Berlin Cathedral (Berliner Dom), completed in 1905, is Berlin's largest and most important Protestant church as well as the sepulchre of the Prussian Hohenzollern dynasty. This outstanding high-renaissance baroque monument has linked the Hohenzollerns to German Protestantism for centuries and undergone renewed phases of architectural renovation since the Middle Ages. First built in 1465 as a parish church on the Spree River it was only finally completed in 1905 under the last German Kaiser -Wilhelm II. Damaged during the Second World War it remained closed during the GDR years and reopened after restoration in 1993.
The "old" Cathedral at Lustgarten was initially constructed between 1747 and 1750 under Friedrich the Great (1740-1786) as a baroque church in accordance with Knobelsdorff’s plans by Johann Boumann. From 1817 to 1822 Karl Friedrich Schinkel redesigned it but the Cathedral retained its stylistic similarity to the high-renaissance baroque architecture of St. Peter's Cathedral in Rome. Finally, official plans reconciling the different stages and stylistic developments were presented by Julius Rashdorff in 1885 to King Friedrich Wilhelm IV. When Wilhelm II ascended the throne in 1888 he authorised the demolition of the "old" Cathedral and the construction, began in 1893, of the much larger, imposing present Berliner Dom.
Heavily damaged during the war, and closed until 1993, cycles of restoration have continued until 2006 including the unveiling of eight mosaics which decorate the dome's ceiling. The outer dome structure was rebuilt with a simplified cupola and spires between 1975 and 1982. During the many years of division the original parishioners – over 12,000 in the 19th century - were divided into two separate parishes. It was only in 1980 that the parishioners were able to celebrate mass again and that baptism and funerals were carried out.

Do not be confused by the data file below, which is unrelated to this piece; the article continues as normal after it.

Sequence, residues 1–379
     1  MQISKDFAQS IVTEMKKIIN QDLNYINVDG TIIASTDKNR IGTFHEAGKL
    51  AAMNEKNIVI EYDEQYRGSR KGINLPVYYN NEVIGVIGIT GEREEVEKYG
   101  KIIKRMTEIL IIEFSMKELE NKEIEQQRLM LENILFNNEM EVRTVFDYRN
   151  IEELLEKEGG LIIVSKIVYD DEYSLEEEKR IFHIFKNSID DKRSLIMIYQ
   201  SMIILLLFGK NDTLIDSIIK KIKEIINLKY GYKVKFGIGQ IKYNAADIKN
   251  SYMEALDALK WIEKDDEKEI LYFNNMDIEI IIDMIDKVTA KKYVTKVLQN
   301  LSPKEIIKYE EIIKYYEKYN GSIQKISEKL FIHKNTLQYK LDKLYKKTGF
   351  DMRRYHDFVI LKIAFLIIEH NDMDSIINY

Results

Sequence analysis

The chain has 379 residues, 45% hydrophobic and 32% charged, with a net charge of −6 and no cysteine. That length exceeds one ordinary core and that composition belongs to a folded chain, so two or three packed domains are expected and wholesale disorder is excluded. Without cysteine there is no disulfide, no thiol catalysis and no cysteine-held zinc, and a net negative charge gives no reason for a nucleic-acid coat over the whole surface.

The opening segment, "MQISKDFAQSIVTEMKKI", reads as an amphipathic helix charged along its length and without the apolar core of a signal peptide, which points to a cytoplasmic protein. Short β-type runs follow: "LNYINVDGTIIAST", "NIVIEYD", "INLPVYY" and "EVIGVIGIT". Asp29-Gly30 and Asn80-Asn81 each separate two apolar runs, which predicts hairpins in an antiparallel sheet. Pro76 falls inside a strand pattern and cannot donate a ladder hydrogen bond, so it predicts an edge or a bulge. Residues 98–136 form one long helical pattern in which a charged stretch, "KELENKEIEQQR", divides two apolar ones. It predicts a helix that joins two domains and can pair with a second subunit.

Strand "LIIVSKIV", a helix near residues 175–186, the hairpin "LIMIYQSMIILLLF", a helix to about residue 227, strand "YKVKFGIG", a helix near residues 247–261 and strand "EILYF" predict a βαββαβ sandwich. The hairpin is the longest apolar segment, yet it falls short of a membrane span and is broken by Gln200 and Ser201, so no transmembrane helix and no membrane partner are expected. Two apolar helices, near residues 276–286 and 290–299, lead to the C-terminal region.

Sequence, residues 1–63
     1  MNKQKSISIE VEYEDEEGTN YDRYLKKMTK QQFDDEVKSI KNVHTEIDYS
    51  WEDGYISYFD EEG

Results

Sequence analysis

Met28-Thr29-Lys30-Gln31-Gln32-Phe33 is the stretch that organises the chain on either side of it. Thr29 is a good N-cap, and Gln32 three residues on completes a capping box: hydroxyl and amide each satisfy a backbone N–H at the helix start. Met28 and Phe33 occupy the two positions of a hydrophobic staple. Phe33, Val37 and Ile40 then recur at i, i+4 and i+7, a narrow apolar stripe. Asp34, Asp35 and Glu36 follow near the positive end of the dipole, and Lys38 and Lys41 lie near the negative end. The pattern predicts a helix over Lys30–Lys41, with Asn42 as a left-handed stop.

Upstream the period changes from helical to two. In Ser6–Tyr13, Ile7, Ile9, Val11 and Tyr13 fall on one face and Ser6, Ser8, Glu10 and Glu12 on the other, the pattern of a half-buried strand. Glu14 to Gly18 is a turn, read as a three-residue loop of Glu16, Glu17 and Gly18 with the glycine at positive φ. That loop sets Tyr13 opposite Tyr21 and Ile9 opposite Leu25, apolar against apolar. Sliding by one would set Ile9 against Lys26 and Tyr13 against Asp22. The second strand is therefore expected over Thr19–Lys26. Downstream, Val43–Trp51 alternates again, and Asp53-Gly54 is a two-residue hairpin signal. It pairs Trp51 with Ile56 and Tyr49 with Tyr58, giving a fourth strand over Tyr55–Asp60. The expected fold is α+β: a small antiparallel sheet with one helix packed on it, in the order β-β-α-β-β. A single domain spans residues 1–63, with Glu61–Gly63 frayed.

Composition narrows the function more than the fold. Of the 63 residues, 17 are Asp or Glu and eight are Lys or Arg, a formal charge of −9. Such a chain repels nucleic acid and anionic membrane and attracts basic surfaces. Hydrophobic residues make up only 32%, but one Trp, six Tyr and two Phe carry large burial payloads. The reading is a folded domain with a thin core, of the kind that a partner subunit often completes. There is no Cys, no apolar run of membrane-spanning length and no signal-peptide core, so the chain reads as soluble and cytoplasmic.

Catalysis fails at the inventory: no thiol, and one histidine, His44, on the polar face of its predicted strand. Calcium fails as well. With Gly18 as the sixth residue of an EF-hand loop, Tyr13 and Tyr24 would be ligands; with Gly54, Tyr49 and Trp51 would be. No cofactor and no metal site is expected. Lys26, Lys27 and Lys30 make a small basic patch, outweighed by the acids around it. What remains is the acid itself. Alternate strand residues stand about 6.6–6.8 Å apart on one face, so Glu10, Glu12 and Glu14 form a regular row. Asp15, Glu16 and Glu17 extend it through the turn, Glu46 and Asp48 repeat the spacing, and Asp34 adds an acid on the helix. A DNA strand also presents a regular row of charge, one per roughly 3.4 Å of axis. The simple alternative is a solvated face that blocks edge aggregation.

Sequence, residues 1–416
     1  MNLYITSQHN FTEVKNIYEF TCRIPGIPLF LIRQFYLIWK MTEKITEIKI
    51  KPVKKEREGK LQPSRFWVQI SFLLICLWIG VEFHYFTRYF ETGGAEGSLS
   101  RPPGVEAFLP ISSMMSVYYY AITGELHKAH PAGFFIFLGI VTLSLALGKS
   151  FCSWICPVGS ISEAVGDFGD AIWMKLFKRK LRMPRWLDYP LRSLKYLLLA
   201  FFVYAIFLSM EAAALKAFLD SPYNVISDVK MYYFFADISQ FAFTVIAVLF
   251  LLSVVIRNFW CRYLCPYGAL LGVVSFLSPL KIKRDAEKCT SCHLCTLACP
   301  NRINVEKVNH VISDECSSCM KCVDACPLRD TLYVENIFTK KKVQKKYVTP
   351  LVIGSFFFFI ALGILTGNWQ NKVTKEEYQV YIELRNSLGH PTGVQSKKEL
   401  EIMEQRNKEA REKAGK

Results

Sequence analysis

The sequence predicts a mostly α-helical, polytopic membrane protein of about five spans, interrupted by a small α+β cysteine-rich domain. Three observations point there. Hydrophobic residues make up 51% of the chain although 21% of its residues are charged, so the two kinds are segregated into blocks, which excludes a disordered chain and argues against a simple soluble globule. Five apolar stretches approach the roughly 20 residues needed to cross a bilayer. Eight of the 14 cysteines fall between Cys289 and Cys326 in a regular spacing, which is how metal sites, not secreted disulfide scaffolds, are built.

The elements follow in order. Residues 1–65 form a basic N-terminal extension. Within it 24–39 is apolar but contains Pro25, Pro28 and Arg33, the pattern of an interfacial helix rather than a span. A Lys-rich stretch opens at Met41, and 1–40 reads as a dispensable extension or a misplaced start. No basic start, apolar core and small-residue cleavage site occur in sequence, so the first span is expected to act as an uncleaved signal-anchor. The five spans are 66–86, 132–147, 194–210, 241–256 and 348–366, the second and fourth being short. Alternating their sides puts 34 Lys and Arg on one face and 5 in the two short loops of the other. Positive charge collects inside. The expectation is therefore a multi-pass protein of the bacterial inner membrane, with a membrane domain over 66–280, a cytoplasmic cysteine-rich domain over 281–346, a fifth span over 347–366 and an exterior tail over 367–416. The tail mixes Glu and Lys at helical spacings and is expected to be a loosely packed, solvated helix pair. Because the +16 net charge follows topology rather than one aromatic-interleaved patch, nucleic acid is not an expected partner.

Known as the Hohenzollern family tomb, over ninety sarcophagi and tombs are on display including those of the Prussian Kings – Friedrich I and Sophie Charlotte, by Andreas Schlüter, impressively cast in gold-plated tin and lead.
Other important works of art are the baptismal font by Christian Daniel Rauch and the Petrus mosaic by Guido Reni. The Dome's organ with over 7000 pipes is a masterpiece and one of the largest in Germany. A visit to the Dome requires climbing 270 steps but the viewing gallery is worth it for great views of Mitte. The 114m-high Dome is sided by four towers and the interior is rich with New Testament and Reformation period elements.
The Dome is a well frequented venue for concerts and readings. Guided tours are available. The entrance fee includes autoguides in a variety of languages.
|Opening Hours:||Mon-Sat 9-20 (Oct-Mar 9-19), Sun + public holidays 12-20 (Oct-Mar: 12-19)
No viewing during church services or events.
|Admission Fee:||7 Euro, reduced 4 Euro|
|Guided Tours:||Reservations: +49 (0)30 202 69 119|